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Impairment of mixed melanin-based pigmentation in parrots

Parrots and allies (Order Psittaciformes) have evolved an exclusive capacity to synthesize polyene pigments called psittacofulvins at feather follicles, which allows them to produce a striking diversity of pigmentation phenotypes. Melanins are polymers constituting the most abundant pigments in animals, and the sulphurated form (pheomelanin) produces colors that are similar to those produced by psittacofulvins. However, the differential contribution of these pigments to psittaciform phenotypic diversity has not been investigated. Given the color redundancy, and physiological limitations associated to pheomelanin synthesis, this study assumed that the latter would be avoided by psittaciform birds. This hypothesis was tested by using Raman spectroscopy to identify pigments in feathers exhibiting colors suspicious of being produced by pheomelanin (i.e., dull red, yellow and grey- and green-brownish) in 26 species from the three main lineages of Psittaciformes. The non-sulphurated melanin form (eumelanin) were detected in black, grey and brown plumage patches, and psittacofulvins in red, yellow and green patches, but no evidence of pheomelanin was found. As natural melanins are assumed to be composed of eumelanin and pheomelanin in varying ratios, these results represent the first report of impairment of mixed melanin-based pigmentation in animals. Given that psittaciforms also avoid the uptake of circulating carotenoid pigments, these birds seem to have evolved a capacity to avoid functional redundancy between pigments, likely by regulating follicular gene expression. The study provides the first vibrational characterization of different psittacofulvin-based colors and thus helps to determine the relative polyene chain length in these pigments, which is related to their antireductant protection activity. informacion[at]ebd.csic.es: Neves et al (2020) Impairment of mixed melanin-based pigmentation in parrots. J Experim Biol. DOI 10.1242/jeb.225912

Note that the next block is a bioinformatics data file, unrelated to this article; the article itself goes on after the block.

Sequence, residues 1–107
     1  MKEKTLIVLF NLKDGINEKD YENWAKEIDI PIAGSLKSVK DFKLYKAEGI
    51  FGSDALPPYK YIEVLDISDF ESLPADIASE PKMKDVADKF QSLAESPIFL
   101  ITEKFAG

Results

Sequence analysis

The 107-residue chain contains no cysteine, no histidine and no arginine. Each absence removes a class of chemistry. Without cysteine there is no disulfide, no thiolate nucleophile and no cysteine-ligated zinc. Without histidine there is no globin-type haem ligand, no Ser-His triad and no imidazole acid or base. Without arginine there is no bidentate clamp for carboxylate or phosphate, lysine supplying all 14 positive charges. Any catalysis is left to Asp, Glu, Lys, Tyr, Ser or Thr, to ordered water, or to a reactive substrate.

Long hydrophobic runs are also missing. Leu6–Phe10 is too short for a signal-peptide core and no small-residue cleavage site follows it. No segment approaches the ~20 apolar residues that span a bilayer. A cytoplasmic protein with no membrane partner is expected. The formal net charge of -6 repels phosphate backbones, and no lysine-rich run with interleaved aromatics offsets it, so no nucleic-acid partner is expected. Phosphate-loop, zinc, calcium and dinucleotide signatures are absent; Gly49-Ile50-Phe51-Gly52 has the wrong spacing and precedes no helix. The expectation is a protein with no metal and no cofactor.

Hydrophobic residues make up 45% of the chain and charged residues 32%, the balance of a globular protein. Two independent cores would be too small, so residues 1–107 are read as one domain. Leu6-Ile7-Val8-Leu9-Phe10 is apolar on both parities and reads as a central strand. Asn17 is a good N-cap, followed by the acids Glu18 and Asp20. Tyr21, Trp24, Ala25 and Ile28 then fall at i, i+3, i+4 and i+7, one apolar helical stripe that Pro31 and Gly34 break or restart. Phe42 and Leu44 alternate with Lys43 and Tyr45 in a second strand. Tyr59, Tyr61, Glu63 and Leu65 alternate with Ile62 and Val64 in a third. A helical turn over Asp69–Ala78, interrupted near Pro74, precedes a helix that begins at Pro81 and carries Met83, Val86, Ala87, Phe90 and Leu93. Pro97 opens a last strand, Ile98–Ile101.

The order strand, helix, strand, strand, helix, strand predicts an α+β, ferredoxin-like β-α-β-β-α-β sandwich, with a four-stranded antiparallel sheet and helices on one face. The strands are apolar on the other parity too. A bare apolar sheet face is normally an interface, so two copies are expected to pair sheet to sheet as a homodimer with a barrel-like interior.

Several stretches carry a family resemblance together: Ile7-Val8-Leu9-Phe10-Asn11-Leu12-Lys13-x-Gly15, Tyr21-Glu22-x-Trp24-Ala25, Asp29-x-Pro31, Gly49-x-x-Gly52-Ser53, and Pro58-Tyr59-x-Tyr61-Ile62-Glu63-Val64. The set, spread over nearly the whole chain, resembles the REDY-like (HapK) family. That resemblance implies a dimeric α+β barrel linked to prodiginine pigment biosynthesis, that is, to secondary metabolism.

https://jeb.biologists.org/content/early/2020/05/08/jeb.225912
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Complex plumage patterns can be produced only with the contribution of melanins

Complex plumage patterns can be produced only with the contribution of melanins

Birds exhibit an extraordinary diversity of plumage pigmentation patterns. It has been overlooked, however, that complex patterns can be produced only with the contribution of melanins because these are the only pigments under direct cellular control. This hypothesis was tested for the first time examining the plumage patterning of all species of extant birds. 32% of species show complex plumage patterns, the vast majority (98%) including the contribution of colors produced by melanins. Only 53 species show complex patterns that do not containing melanin-based colors, and these species display unusual colorations and belong to three families where innovative metabolic modifications of conventional carotenoid pigments have been described. While the adaptive functions of complex plumage patterns remain poorly understood and in most cases are ascribed to fulfill camouflage, our findings indicate that such functions will be only understood by considering the synthesis pathway of melanins. informacion[at]ebd.csic.es: Galván et al (2017) Complex plumage patterns can be produced only with the contribution of melanins. Phys Biochem Zool. Doi 10.1086/693962


http://www.journals.uchicago.edu/doi/abs/10.1086/693962